One of the biggest mysteries in astronomy is the question, where did all the antimatter go?
Shortly after the Big Bang, there were almost equal amounts of matter and antimatter. I say almost, because there was a tiny bit more matter, really. And after the matter and antimatter crashed into each other and annihilated, we were left with all the matter we see in the Universe.
You, and everything you know is just a mathematical remainder, left over from the great division of the Universe's first day.
First, a quick recap on antimatter.
It turns out this reversal of charge causes regular matter and antimatter to annihilate when they make contact, converting all their mass into pure energy when they come together.
We can make antimatter in the laboratory with particle accelerators, and there are natural sources of the stuff. For example, when a neutron star or black hole consumes a star, it can spew out particles of antimatter.
In fact, astronomers have detected vast clouds of antimatter in our own Milky Way, generated largely by black holes and neutron stars grinding up their binary companions.
Wyoming Milky Way set.
Credit and copyright:
But our galaxy is mostly made up of regular matter.
This antimatter is detectable because it's constantly crashing into the gas, dust, planets and stars that make up the Milky Way. This stuff can't get very far without hitting anything and detonating.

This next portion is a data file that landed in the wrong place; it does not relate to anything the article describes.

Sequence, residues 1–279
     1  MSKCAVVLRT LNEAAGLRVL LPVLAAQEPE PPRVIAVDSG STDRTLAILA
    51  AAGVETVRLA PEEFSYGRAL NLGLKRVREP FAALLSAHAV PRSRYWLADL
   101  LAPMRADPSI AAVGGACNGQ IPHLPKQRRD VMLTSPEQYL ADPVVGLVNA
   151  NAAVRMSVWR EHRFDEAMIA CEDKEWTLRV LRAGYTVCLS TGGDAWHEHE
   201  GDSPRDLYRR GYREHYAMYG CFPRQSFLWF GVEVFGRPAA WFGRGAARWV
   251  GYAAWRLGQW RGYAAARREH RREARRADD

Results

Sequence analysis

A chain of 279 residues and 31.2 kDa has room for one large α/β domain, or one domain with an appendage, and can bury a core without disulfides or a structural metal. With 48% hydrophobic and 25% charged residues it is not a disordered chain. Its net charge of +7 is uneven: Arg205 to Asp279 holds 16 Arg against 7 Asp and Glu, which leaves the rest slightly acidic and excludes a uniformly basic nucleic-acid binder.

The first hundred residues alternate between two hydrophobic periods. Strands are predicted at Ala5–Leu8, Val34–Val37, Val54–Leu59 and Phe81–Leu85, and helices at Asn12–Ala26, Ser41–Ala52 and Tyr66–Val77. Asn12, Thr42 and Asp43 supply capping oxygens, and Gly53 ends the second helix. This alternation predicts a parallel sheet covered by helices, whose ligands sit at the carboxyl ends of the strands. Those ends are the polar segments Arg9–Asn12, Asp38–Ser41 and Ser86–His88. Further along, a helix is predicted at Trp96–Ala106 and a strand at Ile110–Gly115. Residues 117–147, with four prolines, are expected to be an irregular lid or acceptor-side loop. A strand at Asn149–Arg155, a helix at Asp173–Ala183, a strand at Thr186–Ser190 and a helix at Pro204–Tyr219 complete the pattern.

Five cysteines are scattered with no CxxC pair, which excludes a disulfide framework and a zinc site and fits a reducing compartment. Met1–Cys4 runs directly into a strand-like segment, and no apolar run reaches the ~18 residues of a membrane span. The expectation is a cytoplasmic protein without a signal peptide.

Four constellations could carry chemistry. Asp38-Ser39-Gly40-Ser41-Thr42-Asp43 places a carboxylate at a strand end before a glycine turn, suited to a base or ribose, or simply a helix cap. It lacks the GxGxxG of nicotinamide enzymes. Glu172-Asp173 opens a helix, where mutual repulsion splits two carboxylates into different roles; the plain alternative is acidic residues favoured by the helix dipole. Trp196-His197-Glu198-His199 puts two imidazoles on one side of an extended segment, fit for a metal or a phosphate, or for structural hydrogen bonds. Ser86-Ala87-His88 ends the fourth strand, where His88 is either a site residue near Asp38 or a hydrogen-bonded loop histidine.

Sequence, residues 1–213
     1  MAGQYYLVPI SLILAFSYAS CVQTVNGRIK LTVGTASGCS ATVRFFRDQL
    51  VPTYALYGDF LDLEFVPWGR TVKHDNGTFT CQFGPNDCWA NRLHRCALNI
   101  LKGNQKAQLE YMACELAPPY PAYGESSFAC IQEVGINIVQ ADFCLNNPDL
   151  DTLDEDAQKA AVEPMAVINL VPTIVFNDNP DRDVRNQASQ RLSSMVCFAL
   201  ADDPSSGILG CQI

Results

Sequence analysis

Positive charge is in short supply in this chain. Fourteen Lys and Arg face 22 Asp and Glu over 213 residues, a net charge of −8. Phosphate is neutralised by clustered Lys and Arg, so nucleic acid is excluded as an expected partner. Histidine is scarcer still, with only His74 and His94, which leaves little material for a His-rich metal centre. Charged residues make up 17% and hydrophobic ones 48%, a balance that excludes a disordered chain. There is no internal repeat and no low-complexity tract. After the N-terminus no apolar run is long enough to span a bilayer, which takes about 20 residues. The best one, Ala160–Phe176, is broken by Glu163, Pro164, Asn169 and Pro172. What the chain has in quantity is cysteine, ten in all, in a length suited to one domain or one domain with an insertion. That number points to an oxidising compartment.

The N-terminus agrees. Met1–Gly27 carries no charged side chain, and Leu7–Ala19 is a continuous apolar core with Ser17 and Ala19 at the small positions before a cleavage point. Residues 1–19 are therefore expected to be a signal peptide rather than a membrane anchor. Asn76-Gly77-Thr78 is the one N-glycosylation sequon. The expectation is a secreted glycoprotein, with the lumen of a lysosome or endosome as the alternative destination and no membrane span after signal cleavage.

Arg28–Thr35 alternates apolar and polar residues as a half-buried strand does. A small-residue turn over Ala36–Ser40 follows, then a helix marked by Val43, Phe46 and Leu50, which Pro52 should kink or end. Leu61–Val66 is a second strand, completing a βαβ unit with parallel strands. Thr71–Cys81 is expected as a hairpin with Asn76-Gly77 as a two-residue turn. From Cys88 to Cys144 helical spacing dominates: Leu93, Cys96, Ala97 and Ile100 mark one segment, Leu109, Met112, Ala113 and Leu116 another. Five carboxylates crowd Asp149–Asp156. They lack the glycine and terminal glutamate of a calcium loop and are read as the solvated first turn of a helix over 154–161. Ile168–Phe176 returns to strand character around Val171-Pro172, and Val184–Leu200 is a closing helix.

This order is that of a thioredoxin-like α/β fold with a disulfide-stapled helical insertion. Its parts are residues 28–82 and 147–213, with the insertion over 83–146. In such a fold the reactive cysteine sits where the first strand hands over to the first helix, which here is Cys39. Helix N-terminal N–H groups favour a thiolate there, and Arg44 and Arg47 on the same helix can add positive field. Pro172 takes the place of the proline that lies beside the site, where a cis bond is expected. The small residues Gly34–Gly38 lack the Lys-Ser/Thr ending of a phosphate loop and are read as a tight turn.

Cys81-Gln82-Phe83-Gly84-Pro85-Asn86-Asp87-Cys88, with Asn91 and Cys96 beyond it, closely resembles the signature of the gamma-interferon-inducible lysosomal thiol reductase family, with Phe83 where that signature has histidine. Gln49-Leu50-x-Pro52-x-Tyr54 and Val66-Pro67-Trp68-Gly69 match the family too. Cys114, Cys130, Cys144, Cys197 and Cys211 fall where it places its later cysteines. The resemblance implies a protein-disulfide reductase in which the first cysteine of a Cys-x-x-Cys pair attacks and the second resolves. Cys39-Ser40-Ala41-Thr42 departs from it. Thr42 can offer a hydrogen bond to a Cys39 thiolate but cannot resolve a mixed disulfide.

Now, back to the original question,
In theory, yes, it would behave just like a regular galaxy. As long as there wasn't any matter to interact with.
And that's the problem...
If these galaxies were out there, we'd see them interacting with the regular matter surrounding them. They would be blasting out radiation from all the annihilations from all the regular matter gas, dust, stars and planets wandering into an antimatter minefield.
Astronomers don't see this as far as they look, just the regular, quiet and calm matter out to the edge of the observable Universe.
That doesn't make it completely impossible, though, there could be galaxies of antimatter as long as they're completely cut off from regular matter.
But even those would be detectable by the supernova explosions within them. A normally matter supernova generates fast moving neutrinos, while an antimatter supernova would generate a different collection of particles. This would be a dead giveaway.
There's one open question about antimatter that might make this a deeper mystery. Scientists think that antimatter, like regular matter, has regular gravity. Matter and antimatter galaxies would be attracted to each other, encouraging annihilation.
But scientists don't actually know this definitively yet. It's possible that antimatter has antigravity.
An atom of anti-hydrogen might actually fall upwards, accelerating away from the center of the Earth.
The ALPHA experiment, one of five experiments
that are studying antimatter at CERN
Credit: Maximilien Brice/CERN
Physicists at CERN have been generating antimatter particles, and trying to detect if they're falling downward or up.
If that was the case, then antimatter galaxies might be able to repel particles of regular matter, preventing the annihilation, and the detection. If you were hoping there are antimatter lurking out there, hoarding all that precious future energy, I'm sorry to say, but astronomers have looked and they haven't found it.
Just like the socks in your dryer, we may never discover where it all went...